In 2012 an estimated £73 billion was lost to fraud in the UK. Despite the scale of fraudulent activity it appears to be a postcode lottery when it comes to arresting fraudsters.
West Lancashire MP Rosie Cooper has tabled a series of Parliamentary Questions to the Home Office asking for an explanation why massive variations in detection rates exist between police forces.
The Fraud Act 2006 simplified the law of fraud into a single act that made it easier to prosecute fraudulent activity because it was a huge and growing area of criminal activity.
Today victims of fraud report their case to the National Fraud Action Line. This information is passed to a specialist unit at the City of London Police. It is their role to identify patterns of fraud and potential fraudsters. Once they have the evidence to prosecute the case is passed to the local police force.
It is at this point where performance varies greatly. At the top is Dyfed Powys securing 151% detection from the cases sent by the City of London Police. These figures demonstrate how the Welsh force are able to secure more arrests.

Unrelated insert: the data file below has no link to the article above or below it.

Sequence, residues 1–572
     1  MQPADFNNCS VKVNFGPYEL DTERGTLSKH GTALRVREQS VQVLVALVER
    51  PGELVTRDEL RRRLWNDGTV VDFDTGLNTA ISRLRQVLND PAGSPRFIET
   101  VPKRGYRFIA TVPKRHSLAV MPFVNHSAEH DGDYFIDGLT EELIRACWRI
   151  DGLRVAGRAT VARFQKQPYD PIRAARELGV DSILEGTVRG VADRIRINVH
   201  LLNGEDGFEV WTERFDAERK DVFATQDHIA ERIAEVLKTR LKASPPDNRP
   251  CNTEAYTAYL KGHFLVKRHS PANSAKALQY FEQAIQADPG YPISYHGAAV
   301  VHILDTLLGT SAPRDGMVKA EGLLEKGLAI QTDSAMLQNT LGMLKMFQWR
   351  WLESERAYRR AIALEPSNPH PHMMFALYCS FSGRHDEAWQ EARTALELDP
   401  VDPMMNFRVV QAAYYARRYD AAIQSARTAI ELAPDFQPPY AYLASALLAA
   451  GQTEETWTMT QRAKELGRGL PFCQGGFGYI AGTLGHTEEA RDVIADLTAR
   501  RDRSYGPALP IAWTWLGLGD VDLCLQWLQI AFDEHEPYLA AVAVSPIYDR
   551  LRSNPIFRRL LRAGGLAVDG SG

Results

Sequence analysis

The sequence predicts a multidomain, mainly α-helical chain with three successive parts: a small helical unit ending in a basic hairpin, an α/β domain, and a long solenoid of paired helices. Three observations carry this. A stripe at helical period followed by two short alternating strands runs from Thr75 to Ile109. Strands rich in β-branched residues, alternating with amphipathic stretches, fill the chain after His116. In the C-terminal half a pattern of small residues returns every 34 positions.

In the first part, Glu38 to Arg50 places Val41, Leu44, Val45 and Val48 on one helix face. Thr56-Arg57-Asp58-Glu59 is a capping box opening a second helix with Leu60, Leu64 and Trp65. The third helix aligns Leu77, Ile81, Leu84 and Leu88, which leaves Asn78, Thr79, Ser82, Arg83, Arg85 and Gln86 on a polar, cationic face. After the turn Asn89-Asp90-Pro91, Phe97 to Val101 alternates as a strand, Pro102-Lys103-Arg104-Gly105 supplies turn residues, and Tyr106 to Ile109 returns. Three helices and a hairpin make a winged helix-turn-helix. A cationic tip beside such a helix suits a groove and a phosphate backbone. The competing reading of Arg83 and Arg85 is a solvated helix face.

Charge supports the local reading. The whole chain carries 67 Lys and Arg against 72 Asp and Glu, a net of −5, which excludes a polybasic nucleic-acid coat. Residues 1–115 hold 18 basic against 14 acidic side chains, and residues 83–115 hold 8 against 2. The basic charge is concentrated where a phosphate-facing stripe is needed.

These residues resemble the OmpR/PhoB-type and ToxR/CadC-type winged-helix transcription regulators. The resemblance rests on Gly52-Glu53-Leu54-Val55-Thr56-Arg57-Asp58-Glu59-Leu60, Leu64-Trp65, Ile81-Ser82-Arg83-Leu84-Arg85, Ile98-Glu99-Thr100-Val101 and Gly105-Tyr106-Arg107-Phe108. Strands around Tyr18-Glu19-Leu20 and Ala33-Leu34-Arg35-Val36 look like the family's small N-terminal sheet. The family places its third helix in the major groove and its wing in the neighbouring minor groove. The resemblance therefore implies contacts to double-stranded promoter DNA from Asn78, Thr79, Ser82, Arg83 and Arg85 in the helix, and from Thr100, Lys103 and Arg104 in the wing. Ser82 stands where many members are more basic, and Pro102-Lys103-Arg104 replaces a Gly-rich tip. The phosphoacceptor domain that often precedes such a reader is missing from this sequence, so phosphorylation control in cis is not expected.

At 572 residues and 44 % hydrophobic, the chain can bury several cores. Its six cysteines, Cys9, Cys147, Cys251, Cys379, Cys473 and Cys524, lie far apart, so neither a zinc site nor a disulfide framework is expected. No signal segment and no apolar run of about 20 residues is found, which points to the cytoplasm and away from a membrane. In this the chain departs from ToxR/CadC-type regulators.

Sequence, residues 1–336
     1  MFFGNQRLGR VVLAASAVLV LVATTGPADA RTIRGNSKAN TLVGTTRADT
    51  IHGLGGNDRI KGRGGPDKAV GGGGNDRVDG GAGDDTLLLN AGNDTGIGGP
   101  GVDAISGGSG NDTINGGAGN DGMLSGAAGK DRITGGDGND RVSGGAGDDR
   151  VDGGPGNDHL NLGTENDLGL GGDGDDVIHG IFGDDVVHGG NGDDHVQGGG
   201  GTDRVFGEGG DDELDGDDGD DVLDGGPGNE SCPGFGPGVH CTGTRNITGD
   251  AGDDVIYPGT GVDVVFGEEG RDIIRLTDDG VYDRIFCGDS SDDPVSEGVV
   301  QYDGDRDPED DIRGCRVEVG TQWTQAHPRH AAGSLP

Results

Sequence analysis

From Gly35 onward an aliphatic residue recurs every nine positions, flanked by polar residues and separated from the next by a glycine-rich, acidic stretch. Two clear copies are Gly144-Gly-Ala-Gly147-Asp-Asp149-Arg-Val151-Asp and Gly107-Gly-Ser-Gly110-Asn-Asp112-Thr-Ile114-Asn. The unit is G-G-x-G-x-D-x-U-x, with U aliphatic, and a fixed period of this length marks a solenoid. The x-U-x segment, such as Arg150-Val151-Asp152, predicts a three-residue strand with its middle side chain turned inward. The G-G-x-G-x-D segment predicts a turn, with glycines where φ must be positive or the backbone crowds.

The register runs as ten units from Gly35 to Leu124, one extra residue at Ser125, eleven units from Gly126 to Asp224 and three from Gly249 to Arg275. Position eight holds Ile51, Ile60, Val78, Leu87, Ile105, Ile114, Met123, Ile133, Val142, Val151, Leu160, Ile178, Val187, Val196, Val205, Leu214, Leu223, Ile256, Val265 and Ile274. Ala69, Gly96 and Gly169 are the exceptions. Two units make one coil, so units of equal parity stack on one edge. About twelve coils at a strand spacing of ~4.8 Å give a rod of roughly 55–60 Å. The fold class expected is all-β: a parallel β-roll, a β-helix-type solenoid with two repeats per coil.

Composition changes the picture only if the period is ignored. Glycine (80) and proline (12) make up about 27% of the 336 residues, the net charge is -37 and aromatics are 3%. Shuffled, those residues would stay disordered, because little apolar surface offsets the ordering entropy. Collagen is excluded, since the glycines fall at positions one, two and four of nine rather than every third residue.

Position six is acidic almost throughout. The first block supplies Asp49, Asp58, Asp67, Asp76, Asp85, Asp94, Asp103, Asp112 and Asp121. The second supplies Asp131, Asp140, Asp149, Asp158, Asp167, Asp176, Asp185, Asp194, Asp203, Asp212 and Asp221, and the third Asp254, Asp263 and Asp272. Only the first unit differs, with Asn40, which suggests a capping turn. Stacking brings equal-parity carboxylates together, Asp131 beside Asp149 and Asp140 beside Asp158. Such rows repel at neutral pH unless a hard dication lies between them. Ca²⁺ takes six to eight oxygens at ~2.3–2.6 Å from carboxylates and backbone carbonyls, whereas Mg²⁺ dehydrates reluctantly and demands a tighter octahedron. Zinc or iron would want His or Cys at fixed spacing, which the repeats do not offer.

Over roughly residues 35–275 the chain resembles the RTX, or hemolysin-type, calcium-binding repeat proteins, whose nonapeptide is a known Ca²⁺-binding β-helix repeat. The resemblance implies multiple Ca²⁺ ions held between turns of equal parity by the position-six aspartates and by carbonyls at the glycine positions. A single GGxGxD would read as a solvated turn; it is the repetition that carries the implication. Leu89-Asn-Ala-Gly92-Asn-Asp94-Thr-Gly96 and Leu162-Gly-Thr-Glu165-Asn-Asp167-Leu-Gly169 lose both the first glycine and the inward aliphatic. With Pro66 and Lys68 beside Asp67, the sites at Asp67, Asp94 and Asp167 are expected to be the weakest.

At the bottom of the league table are London’s Metropolitan Police with 0.45% detection of cases received and Greater Manchester with 0.11% or 1 case detected out of 945 they received.
MP Rosie Cooper said:
“In just 3 months over 13,000 fraud cases were passed to local police forces to secure arrests. Yet just 9% of cases resulted in arrests.
“Fraud is a massive industry worth £73 billion. This is not a victimless crime. People are losing their life savings, hard-earned money and small businesses are being forced to the wall.
“Through the work done by the City of London Police many of these fraudsters can be stopped in their tracks. We can stop them swindling more people out of their hard-earned money, the Home Office has to ensure that Police Forces are properly resourced to put these criminals behind bars where they belong, not free to fleece more unsuspecting people of their hard-earned money.
“I’ve asked questions of Home Office ministers because clearly fraud isn’t being given a high enough priority.”